# Section 3.3 - Numeric Literals

A number that is included in a program's source code is called a ``numeric literal''. There are two kinds of numeric literals: real literals and integer literals. A real literal includes a point (``.''), while an integer literal does not. Sample integer literals include ``2'' and ``400''. Sample real literals include ``2.0'', ``400.0'', and ``3.14159''.

Traditional exponent operators (such as 1.0E9) are permitted in numeric literals. Exponents are even allowed for integer literals, though for integer literals the exponent must not be negative.

To make long numbers easier to read, underscores are permitted inside a numeric literal. For example, "1_000_000" is legal. This is similar to the way commas are used in the United States and periods are used in Europe. Underscores aren't allowed to be consecutive, numbers may not end in an underscore, and underscores don't change the value of a number.

A useful Ada capability is its ability to write out literals in other bases from 2 to 16 (C has this capability to a lessor extent as well). These are called, reasonably enough, based literals. To create a based literal, write out the desired base, a "#" sign, the number in the requested base, and another "#" sign. For example, "2#1001_1000#" is a base 2 number equal to 128+16+8 = 152.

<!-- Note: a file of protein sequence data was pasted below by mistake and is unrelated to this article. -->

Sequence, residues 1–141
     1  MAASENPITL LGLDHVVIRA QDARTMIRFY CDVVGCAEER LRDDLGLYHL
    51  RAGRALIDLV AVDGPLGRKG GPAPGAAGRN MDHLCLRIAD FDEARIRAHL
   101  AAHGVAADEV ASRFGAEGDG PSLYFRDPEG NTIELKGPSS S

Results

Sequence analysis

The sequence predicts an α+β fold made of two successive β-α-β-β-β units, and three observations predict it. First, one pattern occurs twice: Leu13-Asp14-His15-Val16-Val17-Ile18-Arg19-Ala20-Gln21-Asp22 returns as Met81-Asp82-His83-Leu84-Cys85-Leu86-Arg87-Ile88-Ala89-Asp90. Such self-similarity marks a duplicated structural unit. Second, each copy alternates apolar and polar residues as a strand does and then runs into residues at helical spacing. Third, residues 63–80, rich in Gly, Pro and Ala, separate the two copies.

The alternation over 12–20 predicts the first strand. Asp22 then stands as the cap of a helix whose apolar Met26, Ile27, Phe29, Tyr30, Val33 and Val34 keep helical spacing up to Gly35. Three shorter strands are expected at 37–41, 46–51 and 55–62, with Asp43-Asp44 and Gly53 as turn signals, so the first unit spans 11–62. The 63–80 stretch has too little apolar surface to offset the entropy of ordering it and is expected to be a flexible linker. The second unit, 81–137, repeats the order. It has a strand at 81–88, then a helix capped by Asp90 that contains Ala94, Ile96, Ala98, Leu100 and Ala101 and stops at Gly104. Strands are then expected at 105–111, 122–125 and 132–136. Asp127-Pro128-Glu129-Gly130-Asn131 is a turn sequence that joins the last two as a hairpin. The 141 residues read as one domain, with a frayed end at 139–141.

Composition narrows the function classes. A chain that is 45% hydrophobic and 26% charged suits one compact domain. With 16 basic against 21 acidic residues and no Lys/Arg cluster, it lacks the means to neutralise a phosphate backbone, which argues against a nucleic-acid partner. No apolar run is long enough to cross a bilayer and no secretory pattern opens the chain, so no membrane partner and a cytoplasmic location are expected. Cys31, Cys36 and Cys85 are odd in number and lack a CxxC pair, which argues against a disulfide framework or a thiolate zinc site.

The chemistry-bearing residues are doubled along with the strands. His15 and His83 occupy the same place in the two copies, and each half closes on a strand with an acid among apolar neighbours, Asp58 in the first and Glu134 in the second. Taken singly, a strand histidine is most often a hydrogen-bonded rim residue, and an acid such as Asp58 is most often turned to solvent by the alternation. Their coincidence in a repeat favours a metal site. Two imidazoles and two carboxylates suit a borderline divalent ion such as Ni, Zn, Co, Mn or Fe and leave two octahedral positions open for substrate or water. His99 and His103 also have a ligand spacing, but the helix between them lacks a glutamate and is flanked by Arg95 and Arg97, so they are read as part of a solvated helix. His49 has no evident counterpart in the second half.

For completeness, here's the BNF of numeric literals:

numeric_literal ::= decimal_literal | based_literal
decimal_literal ::= numeral [ . numeral ] [ exponent ]
numeral ::= digit { digit | "_" }
exponent ::= "E" [ "+" | "-" ] numeral
based_literal ::= base "#" based_numeral "#" [ exponent ]
base ::= numeral
based_numeral ::= extended_digit { extended_digit | "_" }
extended_digit ::= digit | "A" | "B" | "C" | "D" | "E" | "F"

Here are two lists of numbers:

1. 5.5, 200_000.12, 2#1000_0100#, 8#123#
2. 60, 12, 0x50

Which of those lists has only legal numeric literals?

You may also:

David A. Wheeler (dwheeler@dwheeler.com)

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